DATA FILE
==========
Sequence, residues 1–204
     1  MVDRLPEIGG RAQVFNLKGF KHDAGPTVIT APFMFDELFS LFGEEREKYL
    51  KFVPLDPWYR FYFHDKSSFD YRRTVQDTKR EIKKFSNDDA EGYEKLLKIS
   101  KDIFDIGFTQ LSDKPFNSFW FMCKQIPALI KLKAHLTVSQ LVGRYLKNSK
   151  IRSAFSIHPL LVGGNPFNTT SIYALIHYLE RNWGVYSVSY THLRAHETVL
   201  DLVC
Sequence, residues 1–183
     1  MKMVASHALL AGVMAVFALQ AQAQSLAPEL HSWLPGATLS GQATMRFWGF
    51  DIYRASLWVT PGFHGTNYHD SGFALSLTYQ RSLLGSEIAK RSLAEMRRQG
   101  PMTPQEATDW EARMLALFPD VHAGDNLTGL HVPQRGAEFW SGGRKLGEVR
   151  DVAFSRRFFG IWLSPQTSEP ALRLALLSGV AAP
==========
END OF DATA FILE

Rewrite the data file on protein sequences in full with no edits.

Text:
Sequence, residues 1–204
     1  MVDRLPEIGG RAQVFNLKGF KHDAGPTVIT APFMFDELFS LFGEEREKYL
    51  KFVPLDPWYR FYFHDKSSFD YRRTVQDTKR EIKKFSNDDA EGYEKLLKIS
   101  KDIFDIGFTQ LSDKPFNSFW FMCKQIPALI KLKAHLTVSQ LVGRYLKNSK
   151  IRSAFSIHPL LVGGNPFNTT SIYALIHYLE RNWGVYSVSY THLRAHETVL
   201  DLVC
Sequence, residues 1–183
     1  MKMVASHALL AGVMAVFALQ AQAQSLAPEL HSWLPGATLS GQATMRFWGF
    51  DIYRASLWVT PGFHGTNYHD SGFALSLTYQ RSLLGSEIAK RSLAEMRRQG
   101  PMTPQEATDW EARMLALFPD VHAGDNLTGL HVPQRGAEFW SGGRKLGEVR
   151  DVAFSRRFFG IWLSPQTSEP ALRLALLSGV AAP